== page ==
Ord’s Kangaroo Rat
Yes, these rodents do hop like kangaroos! And though they’re tiny, this species plays a big part in the stability of its ecosystem. Save endangered species today by joining one of our campaigns!Help End the Extinction
- Common name: Ord’s Kangaroo Rat
- Latin name: Dipodomys ordii
- Conservation Status: Endangered
- Range: Alberta, Saskatchewan
- Life span: Average lifespan is less than one year, but the oldest recorded age is 4 years
- Size: Average weight of 70 g
Ord’s Kangaroo Rat is orange-brown in colour, with a white underbelly and tail. Its tail is over half of its entire body length and has a tuft at the end. This tiny animal stands on two hind legs with large feet, which it uses to hop around.
Ord’s Kangaroo Rat Facts
- Lives in loose sand or soil, particularly sand or soil that comes from eroding sand dunes
- Are nocturnal, and prefer to be active when there isn’t any moonlight
- Spend most of their time underground in burrows
- Are a solitary species and get aggressive when other Kangaroo Rats enter their territory
- Eat mainly seeds, and store many below ground for the winter
Ord’s Kangaroo Rats are threatened by a combination of many human activities. These include road development, pollution from light and noise, energy production, commercial development, and agricultural development.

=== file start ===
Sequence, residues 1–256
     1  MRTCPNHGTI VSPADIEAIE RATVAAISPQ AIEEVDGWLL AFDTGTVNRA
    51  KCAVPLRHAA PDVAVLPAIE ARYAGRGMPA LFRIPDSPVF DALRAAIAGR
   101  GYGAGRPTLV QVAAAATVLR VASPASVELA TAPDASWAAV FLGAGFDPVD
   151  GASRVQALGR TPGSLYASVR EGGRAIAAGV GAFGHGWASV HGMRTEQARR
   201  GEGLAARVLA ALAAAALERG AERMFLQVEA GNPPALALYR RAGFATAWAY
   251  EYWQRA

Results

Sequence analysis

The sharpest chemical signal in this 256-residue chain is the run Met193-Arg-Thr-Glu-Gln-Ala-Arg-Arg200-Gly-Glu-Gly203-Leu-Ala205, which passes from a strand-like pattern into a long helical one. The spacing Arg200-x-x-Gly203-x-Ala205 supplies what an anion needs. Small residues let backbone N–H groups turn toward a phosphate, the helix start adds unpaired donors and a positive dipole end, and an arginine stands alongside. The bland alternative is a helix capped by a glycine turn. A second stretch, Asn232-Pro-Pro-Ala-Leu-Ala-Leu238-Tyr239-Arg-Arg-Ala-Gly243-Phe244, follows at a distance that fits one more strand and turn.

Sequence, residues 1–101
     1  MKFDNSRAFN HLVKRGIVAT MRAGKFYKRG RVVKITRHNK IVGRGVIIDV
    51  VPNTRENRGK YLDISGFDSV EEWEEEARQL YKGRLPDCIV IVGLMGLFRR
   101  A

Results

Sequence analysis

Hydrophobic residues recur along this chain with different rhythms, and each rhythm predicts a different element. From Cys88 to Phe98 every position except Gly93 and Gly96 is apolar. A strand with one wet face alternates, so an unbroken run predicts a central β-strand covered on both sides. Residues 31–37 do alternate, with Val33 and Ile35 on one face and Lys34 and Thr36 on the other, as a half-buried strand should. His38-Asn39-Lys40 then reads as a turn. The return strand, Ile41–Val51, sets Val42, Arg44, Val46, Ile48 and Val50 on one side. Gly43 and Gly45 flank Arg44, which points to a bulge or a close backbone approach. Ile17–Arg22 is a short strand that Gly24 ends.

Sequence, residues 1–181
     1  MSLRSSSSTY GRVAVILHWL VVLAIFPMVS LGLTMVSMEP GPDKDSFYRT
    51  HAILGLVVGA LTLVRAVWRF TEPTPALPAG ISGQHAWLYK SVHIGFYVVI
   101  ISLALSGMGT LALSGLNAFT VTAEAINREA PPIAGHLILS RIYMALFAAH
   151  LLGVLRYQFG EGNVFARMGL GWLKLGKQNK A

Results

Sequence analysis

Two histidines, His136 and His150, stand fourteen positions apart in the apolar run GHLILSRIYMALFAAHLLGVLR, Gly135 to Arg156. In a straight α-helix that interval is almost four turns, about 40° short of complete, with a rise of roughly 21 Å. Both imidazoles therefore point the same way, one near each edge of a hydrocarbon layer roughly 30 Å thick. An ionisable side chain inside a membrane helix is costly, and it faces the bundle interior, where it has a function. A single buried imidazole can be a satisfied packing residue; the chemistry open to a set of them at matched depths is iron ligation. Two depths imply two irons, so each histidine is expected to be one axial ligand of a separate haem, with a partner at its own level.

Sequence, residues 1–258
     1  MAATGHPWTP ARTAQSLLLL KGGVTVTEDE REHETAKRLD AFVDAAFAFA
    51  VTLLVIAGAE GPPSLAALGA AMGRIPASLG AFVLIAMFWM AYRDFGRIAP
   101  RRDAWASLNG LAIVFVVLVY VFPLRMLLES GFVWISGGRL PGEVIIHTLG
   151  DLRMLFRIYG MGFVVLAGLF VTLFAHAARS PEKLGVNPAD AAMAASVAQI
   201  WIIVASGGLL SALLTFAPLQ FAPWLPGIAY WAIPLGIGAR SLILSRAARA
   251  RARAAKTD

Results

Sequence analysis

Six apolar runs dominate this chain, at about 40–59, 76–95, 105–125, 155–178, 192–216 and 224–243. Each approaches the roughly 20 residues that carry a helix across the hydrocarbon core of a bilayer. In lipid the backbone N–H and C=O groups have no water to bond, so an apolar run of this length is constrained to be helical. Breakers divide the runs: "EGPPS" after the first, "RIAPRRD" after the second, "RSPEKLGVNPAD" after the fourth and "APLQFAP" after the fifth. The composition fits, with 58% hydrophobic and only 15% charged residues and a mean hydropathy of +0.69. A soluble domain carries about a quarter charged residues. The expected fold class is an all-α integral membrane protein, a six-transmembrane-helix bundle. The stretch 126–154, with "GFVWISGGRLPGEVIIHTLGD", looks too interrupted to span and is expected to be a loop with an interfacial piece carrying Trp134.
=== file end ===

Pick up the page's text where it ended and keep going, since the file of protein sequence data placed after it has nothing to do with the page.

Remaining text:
They are also threatened by climate change. Climate change is causing conditions that favour the growth of plants in the Kangaroo Rat’s habitat. This keeps sand dunes stable, but Ord’s Kangaroo Rat needs sand dunes that are eroding to make their homes.
What’s Being Done
Ord’s Kangaroo Rat is federally protected under the Species At Risk Act. Alberta has had a recovery plan in place since 2005. In Saskatchewan, its habitat is protected under the Wildlife Habitat Protection Act and the Representative Areas Ecological Reserve Act.
A lot of the Ord’s Kangaroo Rat range is in the Canadian Forces Base Suffield. Currently, the base does not allow activity within 250 metres of any Kangaroo Rat dens.
Canada has committed to the goal of protecting 30% of lands, ocean, and freshwater in Canada by 2030. This goal will help protect ecosystems, restore habitats, and fight climate change. All these things are a step in protecting Canada’s at-risk animals—so let’s hold the federal government to their promise.
How to Help
- Visit: Check out the Royal Alberta Museum in Edmonton to learn more about prairie ecosystems.
- Learn: Stay informed about endangered species by signing up for Nature Canada’s monthly e-newsletter.
- Take Part: Appreciate the prairie ecosystem in person. You cannot visit Suffield NWA, but Saskatchewan’s Great Sand Hills are open to the public.
- Find out more: Help us end the extinction by taking action for nature today—visit conservation websites like Nature Canada or join one of our campaigns!
Originally drafted by Raymond Schmidt. Updated in July 2022 by Simona Casale.